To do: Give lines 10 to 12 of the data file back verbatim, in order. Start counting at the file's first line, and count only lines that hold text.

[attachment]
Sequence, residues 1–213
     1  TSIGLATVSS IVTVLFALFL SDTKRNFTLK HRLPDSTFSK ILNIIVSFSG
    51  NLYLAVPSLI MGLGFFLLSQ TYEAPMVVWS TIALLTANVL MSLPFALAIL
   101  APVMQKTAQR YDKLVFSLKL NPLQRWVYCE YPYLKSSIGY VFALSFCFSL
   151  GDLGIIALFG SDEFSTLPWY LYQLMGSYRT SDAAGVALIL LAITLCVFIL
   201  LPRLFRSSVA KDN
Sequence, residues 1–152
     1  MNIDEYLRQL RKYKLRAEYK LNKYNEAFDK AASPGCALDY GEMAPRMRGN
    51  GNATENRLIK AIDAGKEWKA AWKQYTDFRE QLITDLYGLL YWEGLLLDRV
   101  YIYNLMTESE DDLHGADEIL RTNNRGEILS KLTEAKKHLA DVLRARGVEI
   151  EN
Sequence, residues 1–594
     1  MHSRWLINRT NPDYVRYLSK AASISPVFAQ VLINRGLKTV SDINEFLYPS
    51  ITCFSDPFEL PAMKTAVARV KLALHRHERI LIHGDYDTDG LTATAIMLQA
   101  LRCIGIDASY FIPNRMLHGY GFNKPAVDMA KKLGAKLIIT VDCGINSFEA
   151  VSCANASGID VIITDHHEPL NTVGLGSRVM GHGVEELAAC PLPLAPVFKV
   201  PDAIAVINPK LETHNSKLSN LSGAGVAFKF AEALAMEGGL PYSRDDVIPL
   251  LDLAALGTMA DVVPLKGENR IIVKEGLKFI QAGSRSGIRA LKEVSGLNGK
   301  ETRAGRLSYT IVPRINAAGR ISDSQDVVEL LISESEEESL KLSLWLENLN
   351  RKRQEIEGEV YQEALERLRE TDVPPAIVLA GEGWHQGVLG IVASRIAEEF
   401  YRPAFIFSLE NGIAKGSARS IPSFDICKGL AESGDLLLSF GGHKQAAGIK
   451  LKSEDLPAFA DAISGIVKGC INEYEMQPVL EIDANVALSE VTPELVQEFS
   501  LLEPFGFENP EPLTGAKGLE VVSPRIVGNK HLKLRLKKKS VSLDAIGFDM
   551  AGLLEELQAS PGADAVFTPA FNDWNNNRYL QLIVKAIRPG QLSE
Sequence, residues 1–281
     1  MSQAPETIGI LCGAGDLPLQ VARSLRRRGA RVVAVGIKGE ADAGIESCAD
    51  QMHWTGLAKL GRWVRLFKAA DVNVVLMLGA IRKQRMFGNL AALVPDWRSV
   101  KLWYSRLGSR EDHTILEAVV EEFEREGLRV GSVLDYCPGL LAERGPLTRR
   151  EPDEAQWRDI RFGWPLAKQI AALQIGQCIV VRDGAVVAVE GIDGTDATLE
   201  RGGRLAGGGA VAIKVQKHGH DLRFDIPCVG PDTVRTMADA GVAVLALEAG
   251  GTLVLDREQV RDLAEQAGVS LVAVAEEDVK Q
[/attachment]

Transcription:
   101  YIYNLMTESE DDLHGADEIL RTNNRGEILS KLTEAKKHLA DVLRARGVEI
   151  EN
Sequence, residues 1–594